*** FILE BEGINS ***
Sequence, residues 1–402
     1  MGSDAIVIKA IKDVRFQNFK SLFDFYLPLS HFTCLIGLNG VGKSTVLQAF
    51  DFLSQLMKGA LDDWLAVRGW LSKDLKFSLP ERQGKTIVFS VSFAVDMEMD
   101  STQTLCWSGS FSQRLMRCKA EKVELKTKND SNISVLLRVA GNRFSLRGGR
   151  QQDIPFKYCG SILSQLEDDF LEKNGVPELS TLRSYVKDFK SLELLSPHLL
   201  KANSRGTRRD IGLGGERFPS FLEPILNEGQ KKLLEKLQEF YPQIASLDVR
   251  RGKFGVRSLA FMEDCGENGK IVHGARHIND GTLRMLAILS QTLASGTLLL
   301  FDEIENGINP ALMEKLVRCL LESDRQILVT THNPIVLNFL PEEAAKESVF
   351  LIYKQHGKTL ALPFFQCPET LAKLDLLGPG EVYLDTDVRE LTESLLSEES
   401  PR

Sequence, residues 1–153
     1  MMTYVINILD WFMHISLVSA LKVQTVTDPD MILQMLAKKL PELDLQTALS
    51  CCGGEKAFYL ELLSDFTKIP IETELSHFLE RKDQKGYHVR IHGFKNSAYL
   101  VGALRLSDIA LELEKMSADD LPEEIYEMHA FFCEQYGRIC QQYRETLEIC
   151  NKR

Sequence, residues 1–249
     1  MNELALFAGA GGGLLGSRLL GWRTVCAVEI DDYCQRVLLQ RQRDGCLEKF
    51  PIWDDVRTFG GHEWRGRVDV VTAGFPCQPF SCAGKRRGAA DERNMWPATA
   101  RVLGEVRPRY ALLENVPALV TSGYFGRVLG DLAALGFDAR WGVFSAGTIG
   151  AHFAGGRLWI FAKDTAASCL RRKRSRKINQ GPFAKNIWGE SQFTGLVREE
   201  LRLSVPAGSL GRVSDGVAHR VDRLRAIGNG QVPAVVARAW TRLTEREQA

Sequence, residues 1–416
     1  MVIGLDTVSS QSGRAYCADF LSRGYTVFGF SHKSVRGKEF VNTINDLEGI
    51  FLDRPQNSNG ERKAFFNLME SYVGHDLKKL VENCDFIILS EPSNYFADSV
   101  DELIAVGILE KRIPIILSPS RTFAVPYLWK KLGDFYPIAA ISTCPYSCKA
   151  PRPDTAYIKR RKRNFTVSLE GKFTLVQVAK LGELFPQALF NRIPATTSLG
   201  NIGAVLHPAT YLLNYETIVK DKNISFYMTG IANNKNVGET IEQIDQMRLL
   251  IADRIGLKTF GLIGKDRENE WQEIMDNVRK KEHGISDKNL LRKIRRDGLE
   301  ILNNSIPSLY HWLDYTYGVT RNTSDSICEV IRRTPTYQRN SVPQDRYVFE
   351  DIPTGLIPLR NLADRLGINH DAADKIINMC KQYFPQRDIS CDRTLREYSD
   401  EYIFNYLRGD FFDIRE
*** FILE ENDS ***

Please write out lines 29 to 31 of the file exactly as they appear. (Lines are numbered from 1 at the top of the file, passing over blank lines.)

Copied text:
   301  ILNNSIPSLY HWLDYTYGVT RNTSDSICEV IRRTPTYQRN SVPQDRYVFE
   351  DIPTGLIPLR NLADRLGINH DAADKIINMC KQYFPQRDIS CDRTLREYSD
   401  EYIFNYLRGD FFDIRE